Your Opinion of Test Question Value
In as university CS class, 40% of the grade is performance on test questions which ask the student to write programs longhand without documentation. If you call an event handler 'DragOver' instead of 'MouseDrag', you lose points. If you forget that it's '.size' instead of '.count' in the Java collection interface, more points taken off.
The point of a test is not that you remember language specific names for events or names that were presented to you in the class; it is instead that you be able to effectively know what an event is and how to use it. Thus you should be given the task of first defining what an event is in the generic sense of the word and then writing an event handler for a given language. Learning or memorizing the names and elements of specific structures or classes based on platforms is useful however and occurs over time, but it is probably not the best use of test questions.
What's the course? That test might well be appropriate if the course is "Java syntax".
>> "What's the course? That test might well be appropriate if the course is 'Java syntax'."
>> "I would be absolutely lost without documentation and intelli-sense."
Also, remembering the syntax of a language is generally expected of programmers(SQL, C, BASIC), but remembering the names of language specific elements like events and platform dependant library elements is not expected (or should not be IMO) unless of course you are given time to review the specific library etc.. that you'll be dealing with.
I don't think it is effective because it primarily tests memory.
son of parnas
This test is only as good as the concreteness of the language. In other words, if there were no other way to do it, then yes, it's ok to test those parameters. However, if I put .size and .length is the right answer, but .size also does it, I shouldn't be wrong.
Effective? Not especially. When I was a TA in a well-respected university's CS dept., we definitely focused on whether students got the semantics of the problem right, not so much on syntactical details -- though I wouldn't be surprised if repeatedly blowing basic stuff or having internal inconsistencies would lose you a small number of points. (This was back in the days when the introductory language of choice was Pascal, or Scheme for the more ambitious students; the world of syntactical details you might have to know was a lot smaller than today.)
Unless you know the function inside and out, you should be referring to the documentation to check for any gotchas. So in this way the test doesn't give an accurate depiction of the real world (or it gives a depiction of a real world with a lot of bugs in the software).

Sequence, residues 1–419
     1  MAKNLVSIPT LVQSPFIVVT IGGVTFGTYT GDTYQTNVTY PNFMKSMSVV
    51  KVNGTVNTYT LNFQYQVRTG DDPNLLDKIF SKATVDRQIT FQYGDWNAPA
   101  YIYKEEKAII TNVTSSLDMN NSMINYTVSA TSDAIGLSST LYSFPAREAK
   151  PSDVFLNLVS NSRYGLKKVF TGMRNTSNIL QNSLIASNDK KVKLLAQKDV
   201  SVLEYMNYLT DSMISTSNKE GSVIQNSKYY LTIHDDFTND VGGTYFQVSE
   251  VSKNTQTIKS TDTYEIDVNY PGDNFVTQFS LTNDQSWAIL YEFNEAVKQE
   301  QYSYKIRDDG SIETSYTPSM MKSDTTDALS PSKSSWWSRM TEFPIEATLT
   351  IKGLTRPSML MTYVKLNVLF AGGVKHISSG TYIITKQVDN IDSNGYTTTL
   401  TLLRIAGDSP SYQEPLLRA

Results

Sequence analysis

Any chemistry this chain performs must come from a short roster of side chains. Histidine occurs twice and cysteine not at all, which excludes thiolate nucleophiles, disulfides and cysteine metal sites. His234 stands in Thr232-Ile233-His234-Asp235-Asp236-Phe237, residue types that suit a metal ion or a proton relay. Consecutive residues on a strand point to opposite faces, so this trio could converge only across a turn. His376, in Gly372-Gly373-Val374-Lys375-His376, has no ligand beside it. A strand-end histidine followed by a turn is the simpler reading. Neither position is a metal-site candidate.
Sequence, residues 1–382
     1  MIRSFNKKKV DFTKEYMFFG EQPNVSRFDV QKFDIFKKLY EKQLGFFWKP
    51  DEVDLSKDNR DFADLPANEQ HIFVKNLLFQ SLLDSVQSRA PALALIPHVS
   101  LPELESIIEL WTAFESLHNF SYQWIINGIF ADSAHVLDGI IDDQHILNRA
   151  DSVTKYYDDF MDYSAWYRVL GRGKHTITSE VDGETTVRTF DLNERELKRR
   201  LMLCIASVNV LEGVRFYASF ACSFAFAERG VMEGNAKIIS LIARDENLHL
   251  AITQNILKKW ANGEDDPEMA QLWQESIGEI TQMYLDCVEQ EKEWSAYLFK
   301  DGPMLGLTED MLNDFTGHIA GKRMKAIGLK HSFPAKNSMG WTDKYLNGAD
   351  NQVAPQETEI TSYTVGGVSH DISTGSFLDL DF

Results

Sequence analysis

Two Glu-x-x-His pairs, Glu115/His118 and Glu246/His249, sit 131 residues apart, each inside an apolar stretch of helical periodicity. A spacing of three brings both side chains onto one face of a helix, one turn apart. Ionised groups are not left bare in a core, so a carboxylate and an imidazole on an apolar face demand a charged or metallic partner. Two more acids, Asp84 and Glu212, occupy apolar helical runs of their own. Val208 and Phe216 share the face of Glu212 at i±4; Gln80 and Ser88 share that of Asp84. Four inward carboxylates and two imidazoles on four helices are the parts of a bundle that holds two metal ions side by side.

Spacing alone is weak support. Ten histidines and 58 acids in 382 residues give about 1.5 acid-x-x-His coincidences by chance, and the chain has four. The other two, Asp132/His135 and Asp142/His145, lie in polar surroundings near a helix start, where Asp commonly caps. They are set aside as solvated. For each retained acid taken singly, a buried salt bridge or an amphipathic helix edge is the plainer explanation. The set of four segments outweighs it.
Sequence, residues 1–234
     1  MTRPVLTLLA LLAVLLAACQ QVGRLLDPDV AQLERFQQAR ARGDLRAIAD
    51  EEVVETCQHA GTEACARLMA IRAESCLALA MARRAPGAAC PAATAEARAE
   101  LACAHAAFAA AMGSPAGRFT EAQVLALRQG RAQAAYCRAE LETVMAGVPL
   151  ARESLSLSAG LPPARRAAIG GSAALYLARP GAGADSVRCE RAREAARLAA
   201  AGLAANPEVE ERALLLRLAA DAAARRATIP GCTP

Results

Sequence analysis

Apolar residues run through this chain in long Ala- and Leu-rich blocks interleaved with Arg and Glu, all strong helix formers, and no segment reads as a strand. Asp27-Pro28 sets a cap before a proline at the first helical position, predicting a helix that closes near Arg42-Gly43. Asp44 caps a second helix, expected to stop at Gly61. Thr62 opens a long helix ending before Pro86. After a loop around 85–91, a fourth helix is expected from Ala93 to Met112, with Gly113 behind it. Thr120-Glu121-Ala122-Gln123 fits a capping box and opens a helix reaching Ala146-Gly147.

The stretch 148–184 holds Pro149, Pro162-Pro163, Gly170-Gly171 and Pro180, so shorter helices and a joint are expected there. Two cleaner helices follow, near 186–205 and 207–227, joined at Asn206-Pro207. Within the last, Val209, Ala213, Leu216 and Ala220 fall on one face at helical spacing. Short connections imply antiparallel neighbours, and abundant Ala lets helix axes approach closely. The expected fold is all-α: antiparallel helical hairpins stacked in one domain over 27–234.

It's a pretty poor question. However it does prepare you for the stupid type of things you'll encounter later on in your career as a programmer.
Jorel on Software
And the arbitrary tyranny of PHB's. Must be the "what you don't learn in college class" class .
Nevermind, you have chosen a very poor school. It's too bad people can't get heir money back on overpriced useless educational scams like the one you are being subjected to.
You might be happy to know that an "authority" lends weight to the fact these memorization tests are completely, astoundingly foolish.
Tayssir John Gabbour
> Also, remembering the syntax of a language is generally expected of programmers
Incidentally, if you didn't want an odd rant like I gave... I have programmed in notepad to get away from IDEs. Bad IDEs can be stifling, and even little flaws can show up greatly. It was to get a rest from Borland JBuilder, which was then just awful. Being alone with code isn't bad. You can feel the characters between your toes, and it gave appreciation for a good IDE. (One big sin is insulating people from how code is stored on disk. Rarely done well.)
Tayssir John Gabbour
That's a stupid lecturer and or school, anon. Give us a hint. Where is it?
>> "That's a stupid lecturer and or school, anon. Give us a hint. Where is it?"
Is the school in the U.S.? If not, in which country? If so, in which state?
The name of the school is unimportant. I'd be amazed if someone here attended a university and never had at least one prof impose some stupid requirement or graded with some twisted subjective reasoning. If you made it through 4 years with only one class like this, consider yourself blessed.
yet another anon
In my seven years as an undergraduate, I never had an examination that stupid.
7 years as an undergrad? Part time?
Spoil my punch line, will you? Yes, I transferred once and changed majors at the new school and ended up working and finishing my degree part-time, mostly due to family problems beyond my control.
Hmmm... I got my Math BS first and then became a developer. I started my BSCS shorly thereafter, taking maybe one course per semester - maybe not. So it's taken me ten years to get the stupid thing!
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